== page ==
Google+ Cinema Viewfinder: James Garner

Sunday, July 20, 2014

James Garner

by Tony Dayoub

"My father has never let any of this 'Hollywood' hype go to his head. He has never forgotten where he came from. It does not matter to him if you are the head of the network or you are a grip, he is going to treat everyone with the same amount of respect and kindness. Actually, truth be told, he would probably treat the grip a little better."
- daughter Gigi Garner in The Garner Files: A Memoir by James Garner and Jon Winokur

Ever heard the story of how Steve McQueen stole the show right from under the better known Yul Brynner in 1960's The Magnificent Seven, directed by John Sturges. Despite considerably less dialogue, McQueen made the most of his screen time by overindulging in some attention-getting physical tics and actor "business" to divert viewers away from Brynner. Flash-forward to 1963 and now it's McQueen who leads an ensemble cast in Sturges' The Great Escape. And while the McQueen isn't quite in danger of having the movie stolen out from under him, TV star James Garner—soft-spoken but no less competitive—does more than just hold his own. Whenever he's on screen with McQueen, notably in that scene where the prisoners all congregate in the camp's yard to celebrate the 4th of July, the two seem to be in a competition to see who can outdo the other with as little dialogue as possible. Each mugs it up for the camera, allowing their natural charm—these were not the actors with a capital A that came out of New York's Method school—to do their work for them.

Garner and McQueen had a lot in common it turns out. Both were athletic, often opting to do their own stunts. Both were laconic and laid-back. Both were expert drivers. On TV's The Rockford Files, Garner's second iconic series in a business that rarely grants an actor even one, he was frequently called upon to do the driving in the show's numerous chase sequences because he was better at controlling the car at top speeds than the show's veteran stunt drivers. A number of painful physical injuries, many arising out of the stunt work on Rockford, would interfere with his career from time to time.

He was forced to turn down each of the lead parts offered to him on the now memorable western TV miniseries Lonesome Dove. But eventually he would get the chance to play the aged Woodrow Call in its sequel, 1995's Streets of Laredo. This and a handful of other parts would showcase—to surprisingly great effect—a darker streak rarely displayed by the actor. In the flawed Mr. Buddwing he played a frustrated amnesiac trying to piece together the days leading up to his memory loss. Hour of the Gun cast him as one of the screen's least heroic versions of Wyatt Earp, again for Sturges. Of all of his performances, it's probably Garner's finest despite being among the least seen. His Earp is obsessive, thuggish and quite unlike any of the heroes one would associate with Garner, certainly not like the Earp he'd play later in life for Blake Edwards' comedy Sunset.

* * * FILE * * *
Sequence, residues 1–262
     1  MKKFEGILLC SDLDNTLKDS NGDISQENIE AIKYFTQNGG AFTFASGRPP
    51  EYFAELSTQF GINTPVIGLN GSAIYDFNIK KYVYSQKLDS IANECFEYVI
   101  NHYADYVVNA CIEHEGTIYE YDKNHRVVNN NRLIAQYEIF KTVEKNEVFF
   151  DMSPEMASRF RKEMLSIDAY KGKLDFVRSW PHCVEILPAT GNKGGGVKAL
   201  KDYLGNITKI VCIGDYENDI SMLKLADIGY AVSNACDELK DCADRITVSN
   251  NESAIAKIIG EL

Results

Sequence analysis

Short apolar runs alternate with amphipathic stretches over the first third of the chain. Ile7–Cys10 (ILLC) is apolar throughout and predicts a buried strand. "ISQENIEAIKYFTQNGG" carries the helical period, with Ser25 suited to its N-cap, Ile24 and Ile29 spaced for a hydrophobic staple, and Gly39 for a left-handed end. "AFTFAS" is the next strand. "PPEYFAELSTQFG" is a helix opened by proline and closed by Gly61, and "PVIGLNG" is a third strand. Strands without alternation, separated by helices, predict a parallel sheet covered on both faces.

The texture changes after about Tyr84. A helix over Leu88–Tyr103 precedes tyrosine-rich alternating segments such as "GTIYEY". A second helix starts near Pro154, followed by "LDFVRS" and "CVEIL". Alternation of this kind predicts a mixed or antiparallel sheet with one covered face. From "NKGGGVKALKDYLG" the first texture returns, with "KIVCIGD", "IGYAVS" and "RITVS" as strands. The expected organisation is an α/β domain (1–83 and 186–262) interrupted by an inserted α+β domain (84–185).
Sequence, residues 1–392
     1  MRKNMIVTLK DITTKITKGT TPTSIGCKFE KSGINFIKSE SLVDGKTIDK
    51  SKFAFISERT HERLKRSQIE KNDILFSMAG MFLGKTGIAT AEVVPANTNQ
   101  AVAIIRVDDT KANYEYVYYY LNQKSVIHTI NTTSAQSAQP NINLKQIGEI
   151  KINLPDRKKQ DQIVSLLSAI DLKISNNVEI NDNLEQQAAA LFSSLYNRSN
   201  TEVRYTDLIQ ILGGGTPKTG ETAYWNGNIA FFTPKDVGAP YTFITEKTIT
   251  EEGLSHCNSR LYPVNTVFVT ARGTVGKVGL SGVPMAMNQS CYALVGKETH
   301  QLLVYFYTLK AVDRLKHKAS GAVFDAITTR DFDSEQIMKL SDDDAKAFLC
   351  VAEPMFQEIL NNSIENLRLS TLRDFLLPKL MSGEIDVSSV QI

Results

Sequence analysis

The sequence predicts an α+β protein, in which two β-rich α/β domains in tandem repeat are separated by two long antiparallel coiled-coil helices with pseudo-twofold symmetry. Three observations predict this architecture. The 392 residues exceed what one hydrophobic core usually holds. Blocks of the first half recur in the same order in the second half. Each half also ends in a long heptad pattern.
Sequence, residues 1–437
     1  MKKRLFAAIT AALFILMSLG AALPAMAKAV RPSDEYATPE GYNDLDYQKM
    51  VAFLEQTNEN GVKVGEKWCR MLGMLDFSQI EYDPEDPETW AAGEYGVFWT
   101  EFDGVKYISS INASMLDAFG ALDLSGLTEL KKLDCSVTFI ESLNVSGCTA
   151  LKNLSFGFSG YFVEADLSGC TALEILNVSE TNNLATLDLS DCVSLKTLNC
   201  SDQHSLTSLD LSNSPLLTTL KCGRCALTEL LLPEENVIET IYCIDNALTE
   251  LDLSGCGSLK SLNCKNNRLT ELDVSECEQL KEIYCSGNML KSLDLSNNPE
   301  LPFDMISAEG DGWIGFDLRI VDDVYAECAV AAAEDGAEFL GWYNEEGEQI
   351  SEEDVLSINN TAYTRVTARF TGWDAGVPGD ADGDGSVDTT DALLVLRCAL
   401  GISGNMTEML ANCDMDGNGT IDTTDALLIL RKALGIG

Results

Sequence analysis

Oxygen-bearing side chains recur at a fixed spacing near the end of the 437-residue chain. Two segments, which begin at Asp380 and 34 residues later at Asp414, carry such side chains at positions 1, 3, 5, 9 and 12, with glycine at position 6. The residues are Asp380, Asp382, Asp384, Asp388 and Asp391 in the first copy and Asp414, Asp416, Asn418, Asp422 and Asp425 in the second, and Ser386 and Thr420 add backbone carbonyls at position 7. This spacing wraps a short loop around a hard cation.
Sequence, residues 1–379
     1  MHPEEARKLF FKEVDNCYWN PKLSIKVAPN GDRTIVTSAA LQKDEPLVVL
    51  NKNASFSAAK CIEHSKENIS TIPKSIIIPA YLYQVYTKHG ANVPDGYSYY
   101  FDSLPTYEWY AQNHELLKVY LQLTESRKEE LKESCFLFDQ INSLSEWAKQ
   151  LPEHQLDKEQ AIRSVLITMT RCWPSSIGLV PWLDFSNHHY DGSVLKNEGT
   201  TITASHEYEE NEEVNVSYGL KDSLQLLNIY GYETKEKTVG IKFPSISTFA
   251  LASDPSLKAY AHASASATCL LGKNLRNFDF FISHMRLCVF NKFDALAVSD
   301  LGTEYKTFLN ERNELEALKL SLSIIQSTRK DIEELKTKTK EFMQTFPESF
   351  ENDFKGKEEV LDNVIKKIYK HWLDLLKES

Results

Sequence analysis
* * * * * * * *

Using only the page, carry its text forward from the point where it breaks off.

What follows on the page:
My father and I rarely intersected when it came to favorite actors. But my earliest TV-watching memories are full of instances of the two of us watching The Rockford Files. And even though my dad preferred the more contemporary TV Garner while I was more a fan of the western-era film Garner, one thing we both agreed on was that he was likable and always delivered solid, understated performances. One way in which he was not like McQueen was that he avoided his brand of flashiness. "Steve was my neighbor for some time," said Garner. "I called him 'Crazy McQueen,' because, quite frankly, he was crazy. We were friends, but he wanted to play my part in Grand Prix and because of that we didn't talk for four years."

At times, Garner was almost too relaxed he would admit when he started chafing under the monotony of playing the lead in the series that first made him a star, Maverick. "I'm playing me. Bret Maverick is lazy; I'm lazy. And I like being lazy." He knew he'd be stuck in TV if he didn't get out and take a shot at movie stardom in spite of the years of lawsuits that would and did follow. I'm glad that he did.

Garner died yesterday at the age of 86.

Recommended TV - Maverick, The Rockford Files, Streets of Laredo (1995)

Recommended Films - Darby's Rangers, The Great Escape, Mister Buddwing, Hour of the Gun, Support Your Local Sheriff!, The Distinguished Gentleman, Fire in the Sky, Maverick (1994), Twilight (1998)

And an even better list of stuff I haven't seen but should - Sayonara, The Children's Hour, The Wheeler Dealers, The Americanization of Emily, Grand Prix, Marlowe, Nichols (TV), Victor Victoria, Murphy's Romance, Promise (TV), Sunset, My Name is Bill W. (TV), Decoration Day (TV), Barbarians at the Gate (TV), Space Cowboys, The Notebook

1 comment:

le0pard13 said...

I very much recommend these on your viewing stack, Tony (those in bold were James Garner's favorites): The Children's Hour, The Americanization of Emily, Marlowe, Victor Victoria, Murphy's Romance, Sunset, My Name is Bill W. (TV), Decoration Day (TV), Barbarians at the Gate (TV), Space Cowboys, and The Notebook.